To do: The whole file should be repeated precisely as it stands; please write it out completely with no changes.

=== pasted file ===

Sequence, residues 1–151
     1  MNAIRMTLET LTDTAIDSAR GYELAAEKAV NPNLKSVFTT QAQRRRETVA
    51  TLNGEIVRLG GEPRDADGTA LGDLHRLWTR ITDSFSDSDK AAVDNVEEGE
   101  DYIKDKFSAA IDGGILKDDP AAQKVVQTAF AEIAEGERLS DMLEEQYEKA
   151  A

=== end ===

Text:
Sequence, residues 1–151
     1  MNAIRMTLET LTDTAIDSAR GYELAAEKAV NPNLKSVFTT QAQRRRETVA
    51  TLNGEIVRLG GEPRDADGTA LGDLHRLWTR ITDSFSDSDK AAVDNVEEGE
   101  DYIKDKFSAA IDGGILKDDP AAQKVVQTAF AEIAEGERLS DMLEEQYEKA
   151  A